How to Win Web 2.0

Want to Survive? Find a Way to Monetize Video

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SAN FRANCISCO ( -- If the term Web 2.0 means anything at all to major media companies, it's that having a potent way to get video content in front of consumers-and pull in a growing pile of ad bucks-will determine the winners from the losers.
Google Chairman-CEO Eric Schmidt got a loud round of applause for Google's decision to resist subpoenas from the Justice Department.
Google Chairman-CEO Eric Schmidt got a loud round of applause for Google's decision to resist subpoenas from the Justice Department. Credit: James Duncan Davidson

Haves and have-nots
Last week's Web 2.0 Summit, probably the highest-profile annual gathering of media and tech bigs, demonstrated that the answer to a single question determines a media company's worth to Wall Street and advertisers: Does its digital strategy include a way to distribute both copyrighted and user-generated clips? The haves: Google and News Corp. The have-nots: pretty much the rest of 'em, from Yahoo to the New York Times Co.

The prevailing sense that Google is winning its arms race with Yahoo and Microsoft is calcifying, all the more so since its $1.6 billion acquisition of the popular video-sharing site YouTube. Google, whether because of that deal, its dominance of the search market or its success in turning that dominance into revenue, permeated just about every topic. Even Yahoo's Bradley Horowitz, while suggesting that Google's lead was a media-made creation, admitted his company hasn't made as much money as it could have off the world's most popular web destination.

"We have not done as much as we could have to monetize it," said Mr. Horowitz, VP of Yahoo's product strategy group.

Sitting pretty
On the other side was Ross Levinsohn, who, as the man largely responsible for News Corp.'s decision to buy MySpace last year, was in cat-that-ate-the-canary mode. The $580 million pact was widely criticized at the time, but naysayers were muted a bit when Google forked over $900 million to be the exclusive search engine for MySpace. Mr. Levinsohn's interlocutor, journalist and conference chair John Battelle, noted that the acquisition has already paid for itself. Mr. Levinsohn quipped, "Can I give you Rupert's number for bonus time?"

He said MySpace "adds a Buffalo every day," and time spent with the site has increased 30% in the past six months. "The engagement story continues to be outstanding," he said.

Beth Comstock, president of NBC Universal's digital media and market development, said her ambition is to make hers a $1 billion unit by 2009, which would require it to more than triple current projected annual revenue. She pointed to the "liberation of video" as a key driver of that.

The three-day confab was marked by bullishness around the potential market for video. Morgan Stanley analyst Mary Meeker claimed that about 60% of peer-to-peer file sharing is video, much of it unmonetized. She showed a list of top web retailers, mostly operations that were originally bricks and mortar, and compared it to top overall destinations, a list dominated by pure-play internet companies. "Why shouldn't media companies be in the same spots with that mother lode of video and the opportunities to monetize?" she asked.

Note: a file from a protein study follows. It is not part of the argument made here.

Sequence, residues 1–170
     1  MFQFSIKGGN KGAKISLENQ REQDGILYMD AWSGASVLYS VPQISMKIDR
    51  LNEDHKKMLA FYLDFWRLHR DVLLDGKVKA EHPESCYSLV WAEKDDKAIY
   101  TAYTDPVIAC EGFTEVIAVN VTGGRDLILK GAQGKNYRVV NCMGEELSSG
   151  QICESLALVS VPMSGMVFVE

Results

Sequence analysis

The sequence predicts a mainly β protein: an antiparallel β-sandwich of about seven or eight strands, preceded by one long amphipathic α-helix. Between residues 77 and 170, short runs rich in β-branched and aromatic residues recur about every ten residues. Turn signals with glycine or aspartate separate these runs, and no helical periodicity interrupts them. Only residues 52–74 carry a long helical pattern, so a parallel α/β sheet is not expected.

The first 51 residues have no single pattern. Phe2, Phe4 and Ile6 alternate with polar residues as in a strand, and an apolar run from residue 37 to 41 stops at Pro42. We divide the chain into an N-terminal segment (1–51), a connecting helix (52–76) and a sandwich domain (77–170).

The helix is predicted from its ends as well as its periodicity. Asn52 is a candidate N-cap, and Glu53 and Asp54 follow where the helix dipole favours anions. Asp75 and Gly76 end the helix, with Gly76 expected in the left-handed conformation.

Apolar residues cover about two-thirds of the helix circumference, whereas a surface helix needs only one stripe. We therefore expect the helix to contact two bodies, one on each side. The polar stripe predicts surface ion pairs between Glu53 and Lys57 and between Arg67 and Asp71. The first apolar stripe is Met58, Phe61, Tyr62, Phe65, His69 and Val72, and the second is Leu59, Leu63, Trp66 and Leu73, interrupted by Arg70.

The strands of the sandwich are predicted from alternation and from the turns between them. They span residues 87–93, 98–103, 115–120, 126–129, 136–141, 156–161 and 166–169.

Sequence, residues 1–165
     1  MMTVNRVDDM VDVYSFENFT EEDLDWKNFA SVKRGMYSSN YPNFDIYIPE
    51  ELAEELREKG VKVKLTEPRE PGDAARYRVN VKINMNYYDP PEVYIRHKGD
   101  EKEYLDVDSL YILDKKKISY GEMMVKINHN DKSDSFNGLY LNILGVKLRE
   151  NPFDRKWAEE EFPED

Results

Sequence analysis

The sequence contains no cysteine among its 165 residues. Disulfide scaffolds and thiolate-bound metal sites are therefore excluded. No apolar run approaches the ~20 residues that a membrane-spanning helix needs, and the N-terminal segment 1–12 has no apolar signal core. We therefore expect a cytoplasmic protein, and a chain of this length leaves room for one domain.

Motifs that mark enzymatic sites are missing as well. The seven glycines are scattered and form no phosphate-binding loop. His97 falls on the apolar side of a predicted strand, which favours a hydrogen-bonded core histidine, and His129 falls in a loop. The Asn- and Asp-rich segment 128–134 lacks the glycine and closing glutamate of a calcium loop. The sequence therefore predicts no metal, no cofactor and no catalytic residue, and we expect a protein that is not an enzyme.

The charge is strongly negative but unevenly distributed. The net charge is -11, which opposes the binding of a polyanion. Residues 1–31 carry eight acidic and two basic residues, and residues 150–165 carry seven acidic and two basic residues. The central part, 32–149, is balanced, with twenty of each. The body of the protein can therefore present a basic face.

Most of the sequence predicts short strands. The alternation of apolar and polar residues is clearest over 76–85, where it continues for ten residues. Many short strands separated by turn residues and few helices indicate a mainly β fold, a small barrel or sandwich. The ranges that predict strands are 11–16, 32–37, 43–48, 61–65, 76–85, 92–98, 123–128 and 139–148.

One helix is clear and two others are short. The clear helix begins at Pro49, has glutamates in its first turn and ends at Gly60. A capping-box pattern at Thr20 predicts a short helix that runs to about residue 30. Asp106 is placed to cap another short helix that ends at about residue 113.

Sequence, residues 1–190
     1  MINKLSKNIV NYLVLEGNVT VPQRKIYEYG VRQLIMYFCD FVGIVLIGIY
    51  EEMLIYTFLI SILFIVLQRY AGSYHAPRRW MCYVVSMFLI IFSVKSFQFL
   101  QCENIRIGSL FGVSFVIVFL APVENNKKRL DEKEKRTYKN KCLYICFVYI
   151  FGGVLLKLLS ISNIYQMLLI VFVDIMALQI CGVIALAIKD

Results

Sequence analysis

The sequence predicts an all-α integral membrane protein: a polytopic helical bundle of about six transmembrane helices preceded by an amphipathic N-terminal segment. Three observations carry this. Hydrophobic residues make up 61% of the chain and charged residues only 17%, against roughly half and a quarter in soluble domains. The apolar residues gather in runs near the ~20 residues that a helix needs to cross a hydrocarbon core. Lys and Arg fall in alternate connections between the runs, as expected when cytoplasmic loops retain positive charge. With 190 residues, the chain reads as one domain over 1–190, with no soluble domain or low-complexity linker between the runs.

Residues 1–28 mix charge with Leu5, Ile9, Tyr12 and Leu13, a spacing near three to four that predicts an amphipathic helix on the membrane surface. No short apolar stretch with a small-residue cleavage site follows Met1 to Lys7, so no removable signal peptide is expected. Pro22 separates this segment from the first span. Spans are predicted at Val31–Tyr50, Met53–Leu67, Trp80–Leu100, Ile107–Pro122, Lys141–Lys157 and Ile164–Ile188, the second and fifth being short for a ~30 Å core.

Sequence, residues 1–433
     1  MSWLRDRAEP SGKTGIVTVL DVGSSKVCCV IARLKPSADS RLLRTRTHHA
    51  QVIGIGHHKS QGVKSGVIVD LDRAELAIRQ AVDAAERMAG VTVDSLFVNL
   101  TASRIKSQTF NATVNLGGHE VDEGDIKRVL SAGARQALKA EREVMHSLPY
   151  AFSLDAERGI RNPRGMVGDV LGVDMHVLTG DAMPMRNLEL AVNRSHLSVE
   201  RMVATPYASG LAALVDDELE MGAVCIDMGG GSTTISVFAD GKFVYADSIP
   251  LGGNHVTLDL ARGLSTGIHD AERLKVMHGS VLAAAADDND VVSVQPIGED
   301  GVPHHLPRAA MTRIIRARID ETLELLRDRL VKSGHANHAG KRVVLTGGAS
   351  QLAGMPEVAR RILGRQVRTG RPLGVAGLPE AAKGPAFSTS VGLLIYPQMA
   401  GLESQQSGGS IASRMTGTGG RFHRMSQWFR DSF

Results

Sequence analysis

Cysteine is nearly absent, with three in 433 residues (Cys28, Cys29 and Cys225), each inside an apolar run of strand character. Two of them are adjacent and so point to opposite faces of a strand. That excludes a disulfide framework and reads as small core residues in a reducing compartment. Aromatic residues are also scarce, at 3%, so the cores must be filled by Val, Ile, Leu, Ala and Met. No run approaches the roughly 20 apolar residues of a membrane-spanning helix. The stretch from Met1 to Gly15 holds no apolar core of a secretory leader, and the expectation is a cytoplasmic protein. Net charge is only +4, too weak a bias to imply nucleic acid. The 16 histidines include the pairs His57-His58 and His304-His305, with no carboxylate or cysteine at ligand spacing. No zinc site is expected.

'N.Y. Times' vs. Google
Perhaps more interesting than any trend is how quickly the media tables have turned, as demonstrated by both Google Chairman-CEO Eric Schmidt and New York Times Co. Chairman Arthur Sulzberger Jr. Each man's company could claim to be the Western world's most important organizer of information. The Times' case rests on its excellence in agenda-setting reporting. Google hasn't done any journalism -- or produced any content, for that matter -- but it has a lock on how people find stuff on the web and has reeled in advertisers of all sizes by the hundreds of thousands.

In a one-on-one with Mr. Battelle, Mr. Schmidt was quick, pointed and, as when he spoke of company co-founders Larry Page and Sergey Brin, funny. Asked who wins arguments, he replied, "They always win -- and if you ask them, they'll give you a different answer." He got a loud round of applause from the hundreds of onlookers when mention was made of Google's decision to resist subpoenas from the Department of Justice.

Who controls 'Times' content?
A few years ago, that applause may have been reserved for someone like Mr. Sulzberger, who has backed his share of First Amendment struggles. But good fights like the Times' publication of its National Security Administration wiretapping story over White House objections apparently rate less than things his company hasn't done: namely, loosen his large, expensive corps of journalists' grasp on Times content and hand over the slack to schleps with camera phones.

During a question-and-answer, Mr. Sulzberger was strafed by a few of the squadrons of bloggers covering the event for not employing "more citizen journalists." His reply: "We're looking at ways that we can gather information from the amateurs we trust," he said. "At the end of the day, our name is on it."
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